The control theory of motion-based communication: problems in teaching robots to dance
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Citation (published version)J Baillieul, K Oezcimder. 2012. "The Control Theory of Motion-Based Communication: Problems in Teaching Robots to Dance." 2012 AMERICAN CONTROL CONFERENCE (ACC), pp. 4319 - 4326 (8).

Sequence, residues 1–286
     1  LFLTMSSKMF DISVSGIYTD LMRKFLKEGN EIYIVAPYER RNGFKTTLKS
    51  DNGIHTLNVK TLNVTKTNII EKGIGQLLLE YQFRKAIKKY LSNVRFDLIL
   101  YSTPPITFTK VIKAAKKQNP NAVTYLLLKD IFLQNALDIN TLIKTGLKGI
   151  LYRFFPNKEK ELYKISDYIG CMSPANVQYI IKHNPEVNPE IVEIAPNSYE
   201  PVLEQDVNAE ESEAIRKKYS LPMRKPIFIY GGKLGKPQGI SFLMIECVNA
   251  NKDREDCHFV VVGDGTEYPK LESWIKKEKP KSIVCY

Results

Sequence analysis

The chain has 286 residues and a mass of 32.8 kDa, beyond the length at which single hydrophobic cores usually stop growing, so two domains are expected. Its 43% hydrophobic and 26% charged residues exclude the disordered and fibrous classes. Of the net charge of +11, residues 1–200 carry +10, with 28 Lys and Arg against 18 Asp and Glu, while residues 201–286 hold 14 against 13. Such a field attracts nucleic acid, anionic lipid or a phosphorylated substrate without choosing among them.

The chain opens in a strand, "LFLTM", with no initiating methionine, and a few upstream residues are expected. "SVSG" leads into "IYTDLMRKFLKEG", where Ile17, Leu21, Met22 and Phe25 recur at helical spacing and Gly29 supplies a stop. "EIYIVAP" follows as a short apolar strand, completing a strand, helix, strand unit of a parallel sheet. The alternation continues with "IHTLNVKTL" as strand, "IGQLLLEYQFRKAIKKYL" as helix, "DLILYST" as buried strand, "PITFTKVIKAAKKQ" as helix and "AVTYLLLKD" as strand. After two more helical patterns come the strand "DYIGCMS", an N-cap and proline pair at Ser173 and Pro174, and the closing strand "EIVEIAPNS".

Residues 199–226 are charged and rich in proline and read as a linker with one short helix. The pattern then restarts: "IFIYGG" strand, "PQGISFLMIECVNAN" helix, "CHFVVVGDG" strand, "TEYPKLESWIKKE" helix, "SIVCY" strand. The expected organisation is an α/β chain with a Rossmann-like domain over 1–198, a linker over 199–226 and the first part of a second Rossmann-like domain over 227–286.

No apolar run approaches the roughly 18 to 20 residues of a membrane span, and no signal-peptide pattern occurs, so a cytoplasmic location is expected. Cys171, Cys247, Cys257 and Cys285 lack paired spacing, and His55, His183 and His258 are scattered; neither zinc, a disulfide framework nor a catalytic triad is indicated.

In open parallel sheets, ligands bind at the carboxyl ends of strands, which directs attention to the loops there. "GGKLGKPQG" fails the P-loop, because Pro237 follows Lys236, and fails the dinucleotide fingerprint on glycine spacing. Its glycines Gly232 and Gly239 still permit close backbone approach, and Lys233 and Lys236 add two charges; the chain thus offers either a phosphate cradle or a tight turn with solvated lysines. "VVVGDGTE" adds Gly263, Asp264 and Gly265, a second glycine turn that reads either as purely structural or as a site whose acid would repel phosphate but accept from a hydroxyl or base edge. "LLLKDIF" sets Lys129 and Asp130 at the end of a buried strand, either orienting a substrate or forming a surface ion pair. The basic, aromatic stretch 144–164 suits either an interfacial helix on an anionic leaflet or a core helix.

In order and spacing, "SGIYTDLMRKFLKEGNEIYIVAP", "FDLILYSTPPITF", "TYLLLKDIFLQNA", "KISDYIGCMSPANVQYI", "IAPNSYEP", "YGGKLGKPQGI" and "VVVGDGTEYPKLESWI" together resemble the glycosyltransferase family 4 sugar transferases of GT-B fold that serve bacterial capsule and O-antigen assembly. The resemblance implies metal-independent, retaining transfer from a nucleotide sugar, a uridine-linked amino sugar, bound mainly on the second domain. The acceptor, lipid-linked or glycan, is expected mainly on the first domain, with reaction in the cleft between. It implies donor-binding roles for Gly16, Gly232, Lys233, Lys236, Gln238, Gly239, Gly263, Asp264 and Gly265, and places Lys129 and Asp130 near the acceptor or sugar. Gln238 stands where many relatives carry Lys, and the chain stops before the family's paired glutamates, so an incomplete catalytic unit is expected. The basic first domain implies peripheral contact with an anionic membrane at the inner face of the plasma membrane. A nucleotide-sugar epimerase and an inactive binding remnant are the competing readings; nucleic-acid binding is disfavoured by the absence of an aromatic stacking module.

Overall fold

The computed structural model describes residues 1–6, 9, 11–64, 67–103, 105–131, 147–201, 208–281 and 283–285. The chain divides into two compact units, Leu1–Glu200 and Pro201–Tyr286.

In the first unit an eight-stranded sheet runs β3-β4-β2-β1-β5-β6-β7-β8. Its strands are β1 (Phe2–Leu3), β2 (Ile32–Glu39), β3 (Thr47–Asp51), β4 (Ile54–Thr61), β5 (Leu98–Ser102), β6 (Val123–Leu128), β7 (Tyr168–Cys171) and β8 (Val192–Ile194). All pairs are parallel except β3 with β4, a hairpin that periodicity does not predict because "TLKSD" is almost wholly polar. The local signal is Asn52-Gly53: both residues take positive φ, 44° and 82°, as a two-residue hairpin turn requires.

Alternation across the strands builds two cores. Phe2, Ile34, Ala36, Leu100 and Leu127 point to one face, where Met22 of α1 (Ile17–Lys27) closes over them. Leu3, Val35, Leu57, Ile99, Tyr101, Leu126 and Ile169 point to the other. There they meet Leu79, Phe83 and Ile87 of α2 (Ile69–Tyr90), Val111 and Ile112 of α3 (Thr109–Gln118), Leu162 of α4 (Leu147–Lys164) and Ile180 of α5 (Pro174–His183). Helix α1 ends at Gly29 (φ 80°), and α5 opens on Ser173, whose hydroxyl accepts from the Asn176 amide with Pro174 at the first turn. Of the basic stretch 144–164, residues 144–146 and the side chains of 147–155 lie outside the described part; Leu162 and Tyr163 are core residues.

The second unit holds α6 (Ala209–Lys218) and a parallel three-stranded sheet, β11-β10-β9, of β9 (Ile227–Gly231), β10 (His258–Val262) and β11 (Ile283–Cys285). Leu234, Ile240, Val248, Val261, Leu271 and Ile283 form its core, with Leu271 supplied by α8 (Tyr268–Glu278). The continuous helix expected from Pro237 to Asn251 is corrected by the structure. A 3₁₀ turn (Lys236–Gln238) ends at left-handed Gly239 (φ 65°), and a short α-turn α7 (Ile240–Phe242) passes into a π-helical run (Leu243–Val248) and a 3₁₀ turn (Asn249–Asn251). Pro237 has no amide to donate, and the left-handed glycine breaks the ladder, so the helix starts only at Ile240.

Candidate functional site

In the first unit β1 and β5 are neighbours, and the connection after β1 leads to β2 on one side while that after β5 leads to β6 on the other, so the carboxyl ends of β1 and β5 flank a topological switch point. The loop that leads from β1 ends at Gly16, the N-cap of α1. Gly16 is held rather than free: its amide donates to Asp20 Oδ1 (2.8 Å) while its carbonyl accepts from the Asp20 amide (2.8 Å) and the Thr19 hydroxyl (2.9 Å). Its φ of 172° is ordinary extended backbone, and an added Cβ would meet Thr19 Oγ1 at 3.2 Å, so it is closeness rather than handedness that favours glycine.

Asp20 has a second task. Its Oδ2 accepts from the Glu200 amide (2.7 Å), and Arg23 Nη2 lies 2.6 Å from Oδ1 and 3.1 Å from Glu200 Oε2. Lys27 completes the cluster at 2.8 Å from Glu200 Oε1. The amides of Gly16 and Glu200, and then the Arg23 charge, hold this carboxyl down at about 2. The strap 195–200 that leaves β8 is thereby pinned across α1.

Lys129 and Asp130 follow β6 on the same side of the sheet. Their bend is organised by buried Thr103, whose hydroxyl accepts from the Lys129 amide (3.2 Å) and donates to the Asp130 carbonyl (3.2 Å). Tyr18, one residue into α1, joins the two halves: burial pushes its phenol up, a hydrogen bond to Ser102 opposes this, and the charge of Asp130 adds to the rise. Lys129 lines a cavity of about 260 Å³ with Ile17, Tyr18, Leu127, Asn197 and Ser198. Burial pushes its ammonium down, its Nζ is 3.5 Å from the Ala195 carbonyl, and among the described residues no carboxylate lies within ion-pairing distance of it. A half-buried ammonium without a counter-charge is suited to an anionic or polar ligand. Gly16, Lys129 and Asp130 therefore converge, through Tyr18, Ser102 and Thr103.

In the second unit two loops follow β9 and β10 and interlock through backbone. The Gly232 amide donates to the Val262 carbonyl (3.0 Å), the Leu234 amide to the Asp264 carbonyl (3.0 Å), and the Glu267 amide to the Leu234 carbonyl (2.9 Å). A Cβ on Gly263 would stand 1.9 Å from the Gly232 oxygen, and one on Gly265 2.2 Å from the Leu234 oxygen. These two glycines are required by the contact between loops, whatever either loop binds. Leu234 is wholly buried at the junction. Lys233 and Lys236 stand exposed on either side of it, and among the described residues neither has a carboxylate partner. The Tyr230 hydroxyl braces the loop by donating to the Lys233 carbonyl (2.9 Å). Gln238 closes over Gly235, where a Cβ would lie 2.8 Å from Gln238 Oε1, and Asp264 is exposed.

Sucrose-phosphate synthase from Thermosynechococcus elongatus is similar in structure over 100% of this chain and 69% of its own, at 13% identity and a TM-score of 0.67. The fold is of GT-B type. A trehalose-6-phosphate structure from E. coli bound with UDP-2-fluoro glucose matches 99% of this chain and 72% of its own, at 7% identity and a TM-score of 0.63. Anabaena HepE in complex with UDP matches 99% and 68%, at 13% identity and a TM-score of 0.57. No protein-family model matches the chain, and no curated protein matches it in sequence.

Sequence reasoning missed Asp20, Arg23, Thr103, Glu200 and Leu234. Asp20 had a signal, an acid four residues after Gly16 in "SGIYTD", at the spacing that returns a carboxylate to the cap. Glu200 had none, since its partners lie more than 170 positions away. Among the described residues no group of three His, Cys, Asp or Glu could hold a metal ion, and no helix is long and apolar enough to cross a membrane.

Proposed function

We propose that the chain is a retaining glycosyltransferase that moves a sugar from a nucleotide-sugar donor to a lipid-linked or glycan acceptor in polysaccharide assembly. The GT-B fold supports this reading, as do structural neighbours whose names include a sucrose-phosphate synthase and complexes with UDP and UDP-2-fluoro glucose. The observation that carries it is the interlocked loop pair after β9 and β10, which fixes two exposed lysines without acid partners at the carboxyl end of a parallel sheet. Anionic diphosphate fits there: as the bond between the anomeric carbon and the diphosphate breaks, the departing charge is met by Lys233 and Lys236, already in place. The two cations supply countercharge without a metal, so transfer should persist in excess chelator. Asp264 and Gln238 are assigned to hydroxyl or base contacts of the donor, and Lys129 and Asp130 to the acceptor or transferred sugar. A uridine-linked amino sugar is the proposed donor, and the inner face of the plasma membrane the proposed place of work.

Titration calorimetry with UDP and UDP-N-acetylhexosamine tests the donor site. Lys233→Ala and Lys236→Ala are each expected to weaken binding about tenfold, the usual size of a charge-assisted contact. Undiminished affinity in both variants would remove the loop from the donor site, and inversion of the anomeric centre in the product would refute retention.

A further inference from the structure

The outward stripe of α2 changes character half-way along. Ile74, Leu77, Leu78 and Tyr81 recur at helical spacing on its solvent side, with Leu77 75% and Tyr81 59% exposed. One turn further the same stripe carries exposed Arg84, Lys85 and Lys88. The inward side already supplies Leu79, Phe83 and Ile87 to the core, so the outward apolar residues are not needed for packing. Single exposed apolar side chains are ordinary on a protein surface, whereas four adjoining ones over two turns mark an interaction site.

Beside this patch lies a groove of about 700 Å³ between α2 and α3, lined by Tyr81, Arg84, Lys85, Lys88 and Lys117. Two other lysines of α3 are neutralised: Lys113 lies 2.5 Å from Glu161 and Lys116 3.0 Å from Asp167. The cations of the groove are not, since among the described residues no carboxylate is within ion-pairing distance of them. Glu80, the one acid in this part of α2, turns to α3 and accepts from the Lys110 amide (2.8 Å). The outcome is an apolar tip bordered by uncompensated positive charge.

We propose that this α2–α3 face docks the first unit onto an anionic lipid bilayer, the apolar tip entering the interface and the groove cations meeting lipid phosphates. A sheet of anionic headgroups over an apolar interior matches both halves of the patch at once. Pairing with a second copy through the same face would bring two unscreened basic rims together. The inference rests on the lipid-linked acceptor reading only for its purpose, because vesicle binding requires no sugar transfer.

The paper describes results on two components of a research program focused on motion-based communication mediated by the dynamics of a control system. Specifically we are interested in how mobile agents engaged in a shared activity such as dance can use motion as a medium for transmitting certain types of messages. The first part of the paper adopts the terminology of motion description languages and deconstructs an elementary form of the well-known popular dance, Salsa, in terms of four motion primitives (dance steps). Several notions of dance complexity are introduced. We describe an experiment in which ten performances by an actual pair of dancers are evaluated by judges and then compared in terms of proposed complexity metrics. An energy metric is also defined. Values of this metric are obtained by summing the lengths of motion segments executed by wheeled robots replicating the movements of the human dancers in each of the ten dance performances. Of all the metrics that are considered in this experiment, energy is the most closely correlated with the human judges' assessments of performance quality. The second part of the paper poses a general class of dual objective motion control problems in which a primary objective (artistic execution of a dance step or efficient movement toward a specified terminal state) is combined with a communication objective. Solutions of varying degrees of explicitness can be given in several classes of problems of communicating through the dynamics of finite dimensional linear control systems. In this setting it is shown that the cost of adding a communication component to motions that steer a system between prescribed pairs of states is independent of those states. At the same time, the optimal encoding problem itself is shown to be a problem of packing geometric objects, and it remains open. Current research is aimed at solving such communication-through-action problems in the context of the motion control of mobile robots.